United States v. Ballard - Wikipedia

United States v. Ballard
Argued March 3–6, 1944
Decided April 24, 1944
Full case nameUnited States v. Ballard, et al.
Citations322 U.S. 78 (more)
64 S. Ct. 882; 88 L. Ed. 1148; 1944 U.S. LEXIS 810
Case history
Prior35 F. Supp. 105 (S.D. Cal. 1940); reversed, 138 F.2d 540 (9th Cir. 1943); cert. granted, 320 U.S. 733 (1944).
"...[W]e do not agree that the truth or verity of respondents' religious doctrines or beliefs should have been submitted to the jury."
Court membership
Chief Justice
Harlan F. Stone
Associate Justices
Owen Roberts · Hugo Black
Stanley F. Reed · Felix Frankfurter
William O. Douglas · Frank Murphy
Robert H. Jackson · Wiley B. Rutledge
Case opinions
MajorityDouglas, joined by Black, Reed, Murphy, Rutledge
DissentStone, joined by Roberts, Frankfurter
Laws applied
U.S. Const., Amends. I

United States v. Ballard, 322 U.S. 78 (1944), was a United States Supreme Court case from the October 1943 term.

The case arose from the appeal of the conviction of two leaders of the new religious "I AM" Activity movement for fraudulently seeking and collecting donations on the basis of religious claims that the defendants themselves did not believe.[1]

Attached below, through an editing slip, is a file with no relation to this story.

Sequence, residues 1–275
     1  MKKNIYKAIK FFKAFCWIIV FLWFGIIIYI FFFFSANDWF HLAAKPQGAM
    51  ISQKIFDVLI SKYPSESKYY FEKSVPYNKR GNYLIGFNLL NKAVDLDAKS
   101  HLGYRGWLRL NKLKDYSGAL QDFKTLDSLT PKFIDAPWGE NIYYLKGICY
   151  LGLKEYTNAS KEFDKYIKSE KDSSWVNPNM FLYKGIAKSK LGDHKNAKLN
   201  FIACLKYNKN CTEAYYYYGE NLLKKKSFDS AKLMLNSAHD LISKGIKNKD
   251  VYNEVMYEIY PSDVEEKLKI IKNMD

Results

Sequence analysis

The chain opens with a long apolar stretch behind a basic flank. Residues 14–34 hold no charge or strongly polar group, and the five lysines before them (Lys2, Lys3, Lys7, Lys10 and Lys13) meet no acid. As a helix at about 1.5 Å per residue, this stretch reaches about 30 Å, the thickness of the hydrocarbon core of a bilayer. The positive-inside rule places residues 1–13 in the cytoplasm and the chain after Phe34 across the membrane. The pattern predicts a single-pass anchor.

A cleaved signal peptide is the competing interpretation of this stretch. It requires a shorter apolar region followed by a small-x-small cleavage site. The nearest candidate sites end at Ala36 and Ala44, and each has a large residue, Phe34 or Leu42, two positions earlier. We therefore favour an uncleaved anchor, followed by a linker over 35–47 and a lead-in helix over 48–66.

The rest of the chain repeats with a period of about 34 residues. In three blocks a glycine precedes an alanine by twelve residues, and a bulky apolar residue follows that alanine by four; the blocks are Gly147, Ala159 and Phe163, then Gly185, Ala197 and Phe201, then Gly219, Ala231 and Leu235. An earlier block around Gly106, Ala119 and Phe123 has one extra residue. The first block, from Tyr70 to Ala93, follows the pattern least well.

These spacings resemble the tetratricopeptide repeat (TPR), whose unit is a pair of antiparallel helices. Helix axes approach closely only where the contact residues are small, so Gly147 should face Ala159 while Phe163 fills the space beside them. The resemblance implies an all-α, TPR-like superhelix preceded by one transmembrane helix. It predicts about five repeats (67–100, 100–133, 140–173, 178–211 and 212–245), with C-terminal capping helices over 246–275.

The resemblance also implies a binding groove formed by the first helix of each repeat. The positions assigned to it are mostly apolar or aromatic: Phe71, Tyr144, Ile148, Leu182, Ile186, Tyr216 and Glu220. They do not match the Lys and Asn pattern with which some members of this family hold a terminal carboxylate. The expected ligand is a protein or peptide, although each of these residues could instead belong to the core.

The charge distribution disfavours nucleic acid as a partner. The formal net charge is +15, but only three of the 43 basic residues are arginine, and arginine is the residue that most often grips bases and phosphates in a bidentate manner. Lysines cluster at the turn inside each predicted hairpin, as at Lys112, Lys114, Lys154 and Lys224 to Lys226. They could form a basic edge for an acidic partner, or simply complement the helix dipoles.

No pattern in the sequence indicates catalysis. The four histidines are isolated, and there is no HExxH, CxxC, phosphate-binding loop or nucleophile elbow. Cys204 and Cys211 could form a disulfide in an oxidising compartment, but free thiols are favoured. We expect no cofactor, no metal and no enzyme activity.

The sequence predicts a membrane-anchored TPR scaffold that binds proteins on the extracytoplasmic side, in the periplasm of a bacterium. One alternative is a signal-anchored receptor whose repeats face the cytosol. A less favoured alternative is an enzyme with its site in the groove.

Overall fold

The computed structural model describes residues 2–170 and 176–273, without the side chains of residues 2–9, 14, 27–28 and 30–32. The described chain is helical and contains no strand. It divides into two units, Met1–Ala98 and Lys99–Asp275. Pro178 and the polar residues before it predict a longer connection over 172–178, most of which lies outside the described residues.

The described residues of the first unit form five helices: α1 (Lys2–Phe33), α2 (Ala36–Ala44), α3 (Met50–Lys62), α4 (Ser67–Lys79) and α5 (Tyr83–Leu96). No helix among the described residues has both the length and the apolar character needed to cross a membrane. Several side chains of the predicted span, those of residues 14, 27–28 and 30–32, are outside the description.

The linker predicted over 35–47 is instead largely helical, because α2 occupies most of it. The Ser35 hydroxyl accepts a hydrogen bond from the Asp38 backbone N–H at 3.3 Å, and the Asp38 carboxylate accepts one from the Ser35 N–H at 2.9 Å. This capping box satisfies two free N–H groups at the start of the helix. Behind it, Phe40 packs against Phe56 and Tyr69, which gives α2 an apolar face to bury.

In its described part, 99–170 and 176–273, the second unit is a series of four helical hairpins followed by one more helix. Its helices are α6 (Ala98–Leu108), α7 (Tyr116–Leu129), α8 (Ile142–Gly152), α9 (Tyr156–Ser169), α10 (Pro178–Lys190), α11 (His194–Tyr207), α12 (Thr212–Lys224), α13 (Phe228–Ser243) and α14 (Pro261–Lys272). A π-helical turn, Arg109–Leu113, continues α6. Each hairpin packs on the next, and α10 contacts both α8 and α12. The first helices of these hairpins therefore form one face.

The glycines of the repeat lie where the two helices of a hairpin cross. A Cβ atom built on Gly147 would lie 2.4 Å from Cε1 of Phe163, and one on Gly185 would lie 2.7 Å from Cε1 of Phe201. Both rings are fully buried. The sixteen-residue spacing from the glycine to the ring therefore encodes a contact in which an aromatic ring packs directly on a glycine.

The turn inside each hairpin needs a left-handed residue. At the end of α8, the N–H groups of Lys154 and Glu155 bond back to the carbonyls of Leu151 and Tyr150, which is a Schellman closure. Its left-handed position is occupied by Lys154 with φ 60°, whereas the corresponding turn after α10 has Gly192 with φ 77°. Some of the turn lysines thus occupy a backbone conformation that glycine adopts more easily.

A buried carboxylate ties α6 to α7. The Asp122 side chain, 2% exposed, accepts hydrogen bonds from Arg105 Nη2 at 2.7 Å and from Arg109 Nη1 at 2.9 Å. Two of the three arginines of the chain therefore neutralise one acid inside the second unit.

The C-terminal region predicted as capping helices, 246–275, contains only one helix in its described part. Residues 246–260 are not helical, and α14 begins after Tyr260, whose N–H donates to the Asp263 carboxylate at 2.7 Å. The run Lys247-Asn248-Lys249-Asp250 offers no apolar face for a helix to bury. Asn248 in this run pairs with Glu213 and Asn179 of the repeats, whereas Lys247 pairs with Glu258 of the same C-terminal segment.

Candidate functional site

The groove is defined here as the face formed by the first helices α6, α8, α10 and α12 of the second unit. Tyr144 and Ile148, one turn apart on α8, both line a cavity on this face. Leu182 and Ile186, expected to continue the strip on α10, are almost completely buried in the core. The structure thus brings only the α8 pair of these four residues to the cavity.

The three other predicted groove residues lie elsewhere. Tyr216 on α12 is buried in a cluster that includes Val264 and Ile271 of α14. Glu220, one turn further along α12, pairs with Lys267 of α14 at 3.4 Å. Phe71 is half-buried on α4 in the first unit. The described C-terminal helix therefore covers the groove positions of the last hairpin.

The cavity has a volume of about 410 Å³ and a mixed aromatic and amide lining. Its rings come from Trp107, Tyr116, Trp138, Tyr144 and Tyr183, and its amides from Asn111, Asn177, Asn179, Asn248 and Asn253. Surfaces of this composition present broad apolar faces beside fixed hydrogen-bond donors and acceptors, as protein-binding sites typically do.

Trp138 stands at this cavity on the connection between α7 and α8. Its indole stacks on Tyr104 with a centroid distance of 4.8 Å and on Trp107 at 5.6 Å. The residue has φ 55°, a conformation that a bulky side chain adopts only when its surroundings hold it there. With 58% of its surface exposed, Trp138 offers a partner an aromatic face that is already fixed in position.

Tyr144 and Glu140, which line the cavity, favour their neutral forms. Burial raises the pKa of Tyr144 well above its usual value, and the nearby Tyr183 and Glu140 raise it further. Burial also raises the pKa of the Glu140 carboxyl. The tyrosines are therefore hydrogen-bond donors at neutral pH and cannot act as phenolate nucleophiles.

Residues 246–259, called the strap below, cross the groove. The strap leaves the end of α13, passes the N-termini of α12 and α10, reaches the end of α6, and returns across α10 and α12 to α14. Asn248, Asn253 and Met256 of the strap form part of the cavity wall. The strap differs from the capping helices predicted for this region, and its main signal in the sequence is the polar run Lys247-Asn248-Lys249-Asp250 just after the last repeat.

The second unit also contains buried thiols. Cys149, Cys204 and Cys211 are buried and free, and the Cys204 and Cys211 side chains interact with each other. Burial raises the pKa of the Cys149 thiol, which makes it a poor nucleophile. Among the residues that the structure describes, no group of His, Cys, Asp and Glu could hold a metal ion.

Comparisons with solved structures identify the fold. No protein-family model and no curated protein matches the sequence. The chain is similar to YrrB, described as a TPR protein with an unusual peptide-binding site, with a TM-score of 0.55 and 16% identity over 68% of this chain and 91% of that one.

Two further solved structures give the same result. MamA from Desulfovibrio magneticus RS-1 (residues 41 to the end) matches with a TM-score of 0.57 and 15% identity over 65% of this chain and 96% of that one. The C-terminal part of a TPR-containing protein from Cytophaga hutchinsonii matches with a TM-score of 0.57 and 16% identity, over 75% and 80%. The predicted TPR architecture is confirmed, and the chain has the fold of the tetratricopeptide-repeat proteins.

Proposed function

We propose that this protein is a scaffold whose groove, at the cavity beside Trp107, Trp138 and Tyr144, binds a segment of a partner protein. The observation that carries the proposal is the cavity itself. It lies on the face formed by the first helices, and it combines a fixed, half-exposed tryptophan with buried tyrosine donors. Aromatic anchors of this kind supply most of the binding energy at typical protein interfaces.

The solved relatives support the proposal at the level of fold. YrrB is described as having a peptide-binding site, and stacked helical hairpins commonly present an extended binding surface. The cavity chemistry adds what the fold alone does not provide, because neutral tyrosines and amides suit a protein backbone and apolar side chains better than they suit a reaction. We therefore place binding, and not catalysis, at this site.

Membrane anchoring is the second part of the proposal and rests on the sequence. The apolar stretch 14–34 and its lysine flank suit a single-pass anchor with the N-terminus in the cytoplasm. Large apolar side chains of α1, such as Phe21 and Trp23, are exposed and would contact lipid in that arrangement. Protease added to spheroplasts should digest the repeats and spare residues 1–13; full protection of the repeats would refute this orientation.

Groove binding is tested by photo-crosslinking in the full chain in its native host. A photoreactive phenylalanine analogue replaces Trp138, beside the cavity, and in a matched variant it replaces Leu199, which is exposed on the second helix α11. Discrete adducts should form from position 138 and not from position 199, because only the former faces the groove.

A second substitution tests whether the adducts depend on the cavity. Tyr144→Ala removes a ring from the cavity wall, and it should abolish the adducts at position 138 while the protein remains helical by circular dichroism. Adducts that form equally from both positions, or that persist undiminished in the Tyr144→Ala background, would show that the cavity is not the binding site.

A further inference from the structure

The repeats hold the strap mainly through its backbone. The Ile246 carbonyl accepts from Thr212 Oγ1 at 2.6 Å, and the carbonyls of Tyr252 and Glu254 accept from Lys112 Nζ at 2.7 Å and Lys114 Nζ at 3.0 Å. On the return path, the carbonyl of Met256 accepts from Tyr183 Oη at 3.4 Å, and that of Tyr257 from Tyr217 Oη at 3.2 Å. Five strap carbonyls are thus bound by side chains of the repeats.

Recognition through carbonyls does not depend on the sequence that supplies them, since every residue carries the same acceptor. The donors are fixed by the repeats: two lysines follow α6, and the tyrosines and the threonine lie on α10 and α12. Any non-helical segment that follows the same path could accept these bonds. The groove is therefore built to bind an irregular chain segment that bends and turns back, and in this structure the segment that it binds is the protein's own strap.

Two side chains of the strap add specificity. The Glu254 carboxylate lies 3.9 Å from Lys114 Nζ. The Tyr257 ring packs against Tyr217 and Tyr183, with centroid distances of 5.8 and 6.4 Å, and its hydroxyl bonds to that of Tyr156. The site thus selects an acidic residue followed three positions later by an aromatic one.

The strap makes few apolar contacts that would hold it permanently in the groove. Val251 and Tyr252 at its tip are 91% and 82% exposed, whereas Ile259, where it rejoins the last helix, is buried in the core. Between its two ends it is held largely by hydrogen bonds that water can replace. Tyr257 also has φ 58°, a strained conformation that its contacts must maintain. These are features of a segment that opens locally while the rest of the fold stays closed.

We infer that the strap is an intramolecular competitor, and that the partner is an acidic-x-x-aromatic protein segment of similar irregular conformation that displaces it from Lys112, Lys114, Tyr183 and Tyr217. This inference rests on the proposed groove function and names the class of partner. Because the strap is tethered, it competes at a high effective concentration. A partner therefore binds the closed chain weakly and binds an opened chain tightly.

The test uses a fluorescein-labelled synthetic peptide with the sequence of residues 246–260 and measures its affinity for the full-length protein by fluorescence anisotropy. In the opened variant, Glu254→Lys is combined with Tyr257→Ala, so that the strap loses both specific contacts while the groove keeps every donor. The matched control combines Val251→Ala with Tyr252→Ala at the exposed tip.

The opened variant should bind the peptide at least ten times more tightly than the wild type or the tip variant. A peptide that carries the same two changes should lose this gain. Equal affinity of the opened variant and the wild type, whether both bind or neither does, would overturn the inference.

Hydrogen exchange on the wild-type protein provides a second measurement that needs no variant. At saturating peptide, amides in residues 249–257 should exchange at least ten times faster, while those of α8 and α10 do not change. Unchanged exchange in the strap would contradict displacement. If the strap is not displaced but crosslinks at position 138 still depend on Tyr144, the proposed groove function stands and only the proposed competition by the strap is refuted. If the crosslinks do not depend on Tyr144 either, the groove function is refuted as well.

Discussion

The Supreme Court held that the question of whether the defendants' claims about their religious experiences were actually true should not have been submitted to a jury. The Court arrived at this conclusion in part because the "freedom of religious belief... embraces the right to maintain theories of life and of death and of the hereafter which are rank heresy to followers of the orthodox faiths." However, the Court did not address the issue of whether the sincerity of the defendants' beliefs was a proper question for the jury.

Justice Robert H. Jackson, dissenting, would have gone even farther, suggesting that the entire case should be dismissed for coming too close to being an investigation into the truth of a religious conviction. He would have held unconstitutional a jury determination of whether the defendants' religious beliefs were sincere, as well as whether they were true.

Prior history[edit]

After Guy Ballard's death, his wife, Edna Anne Wheeler Ballard, and son, Donald Ballard, were indicted for 18 counts of fraud. The indictment charged that the Ballards fraudulently collected over $3 million from their followers on the basis of religious claims the Ballards knew were false. Their followers protested outside the courthouse.[2]

The District Court instructed the jury to convict if they found that the Ballards did not have a good faith belief in their religious claims. The Ballards were convicted.[2]